Super Bowl Sunday is the ultimate corporate bash

Sport, like mythology, subconsciously structures our mind to interpret the world in certain ways. Sunday is the de facto national holiday of Super Bowl Sunday, and football, more than any other sport, organizes social reality.

Football philosophers would have us to believe that football mirrors war. Not really. Football mirrors corporatism. From Pop Warner to high school, college and the pros, football creates a world view.

The head coach is the CEO of the metaphorical football corporation. David Biderman, writing in the Wall Street Journal (2010), found there are about 11 minutes of action in an NFL game -- lots of time for commercials. On TV, about five to six additional minutes are shots of the head coach talking into his headset, yelling at the referee or standing with arms folded in stern consternation. Geoff Foster, also writing in the Wall Street Journal, states the average coach is shown 28 times per game, more than some quarterbacks. Coach veneration mirrors CEO veneration.

The assistant coaches round out the management hierarchy. Some wear a headset like the coach, the equivalent of a corner office. Some, like the coach of the guy who snaps the ball on punts, don't get a headset and have to wear a beanie. They have an inside office.

The employees, of course, are the players. Here, as it is in industry, all is not equal. Quarterbacks are generally the most skilled and highest paid and are the most critical part of the workforce. The rest of the workers are more expendable. The average career length of an NFL player is 3.3 years. Career-ending injuries, including concussions, are a primary reason for the high employee turnover.

In the "football as corporation" model, the primary aim of the game is market share as reflected in yards gained and earnings measured by points scored. Winning teams make the owners happy and the owners are, of course, the equivalent of shareholders.

Consumers are the fans in the stands or those watching on television. Fans become attracted to a team through techniques of branding. Therein lies the key to understanding modern football.


Team colors are an important part of branding. In Sunday's Super Bowl, the Carolina Panthers' team colors are not just blue and silver but very specific hexadecimally defined shades of blue (Hex Color: #0088CE) and silver (Hex Color: #A5ACAF). And the Denver Broncos are specifically orange (Hex Color: #FB4F14) and blue (Hex Color: #002244).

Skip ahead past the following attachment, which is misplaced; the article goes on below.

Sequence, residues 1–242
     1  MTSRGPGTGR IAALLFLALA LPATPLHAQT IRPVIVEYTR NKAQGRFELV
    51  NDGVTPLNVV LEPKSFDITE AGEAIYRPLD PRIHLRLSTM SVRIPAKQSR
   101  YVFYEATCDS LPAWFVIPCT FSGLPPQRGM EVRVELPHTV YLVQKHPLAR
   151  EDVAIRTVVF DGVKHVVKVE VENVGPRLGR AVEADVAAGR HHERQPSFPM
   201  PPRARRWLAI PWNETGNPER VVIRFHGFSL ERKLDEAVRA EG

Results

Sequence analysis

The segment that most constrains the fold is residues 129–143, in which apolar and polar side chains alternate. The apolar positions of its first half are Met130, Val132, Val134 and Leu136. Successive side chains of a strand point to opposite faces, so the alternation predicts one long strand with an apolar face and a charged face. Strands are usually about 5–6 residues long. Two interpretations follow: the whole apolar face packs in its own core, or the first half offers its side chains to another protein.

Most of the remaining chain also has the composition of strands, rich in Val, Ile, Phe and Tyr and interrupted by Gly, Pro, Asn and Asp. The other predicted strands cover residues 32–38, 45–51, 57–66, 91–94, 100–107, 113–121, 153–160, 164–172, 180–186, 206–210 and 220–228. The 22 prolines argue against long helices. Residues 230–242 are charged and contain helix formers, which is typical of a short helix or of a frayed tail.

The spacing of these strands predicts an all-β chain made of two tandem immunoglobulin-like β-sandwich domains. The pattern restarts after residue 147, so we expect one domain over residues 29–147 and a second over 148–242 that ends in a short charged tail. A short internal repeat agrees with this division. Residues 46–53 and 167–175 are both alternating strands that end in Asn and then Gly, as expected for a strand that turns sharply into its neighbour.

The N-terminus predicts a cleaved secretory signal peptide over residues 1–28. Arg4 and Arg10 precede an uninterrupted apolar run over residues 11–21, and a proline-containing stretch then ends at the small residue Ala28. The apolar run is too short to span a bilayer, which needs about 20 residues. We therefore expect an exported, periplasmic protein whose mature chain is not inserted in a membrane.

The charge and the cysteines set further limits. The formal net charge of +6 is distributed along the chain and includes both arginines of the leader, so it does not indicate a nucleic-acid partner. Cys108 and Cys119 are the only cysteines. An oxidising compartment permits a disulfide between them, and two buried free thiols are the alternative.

The logos are valuable trademarks owned by the NFL and can't be used without a license. The 1920s Chicago Bears star Bronko Nagurski would be rolling in his grave if he knew how much his old team made on team branding in one year: $138 million.

Fan paraphernalia emblazoned with team logos and colors is available at the team store. You can get ball hats, T-shirts, jackets and underwear. Why anyone would want to wear say, Seattle Seahawks briefs or thongs, is a mystery to me, but brand identity is a powerful thing.

Then, of course, there is the greatest marketing tool of all: sex. Cheerleaders, whether they be Dallas Cowgirls or high school teens, wear team colors and short skirts and perform provocative routines to foster a more visceral type of brand identification run through the fantasy lobe of the male neocortex. By subsuming their identity to the accomplishments of men, cheerleaders becomes the definition of women in the corporate world.

High school football is an unrecognized aspect of the modern public school curriculum. Its role is to teach students to be good fans identifying with the school in preparation to be good consumers. As adults that mindset is transferred to consumerism wherein individuals define themselves by their identity with products and institutions.

In the mid-20th century a group of sociologists and anthropologists wrestled with the construction of social reality as America turned from a largely rural to largely urban society (Park, Redfield, Douglas all building on Emile Durkheim). They coined the term "moral order" to describe rural or folk societies in which meaning in life centered on family and landscape. Rural Alaska is still a moral order society as are pockets of rural and urban America. What emerged was the rise of the "technical order" in which social order was shaped by often rabid identification with political, religious or educational institutions and specific brands. (I'm a Ford man myself.) Place and family are less meaningful in the technical order.

Super Bowl Sunday is the end of the football year and is the semi-religious ecstatic ritual of corporatism.

Alan Boraas is a professor of anthropology at Kenai Peninsula College.

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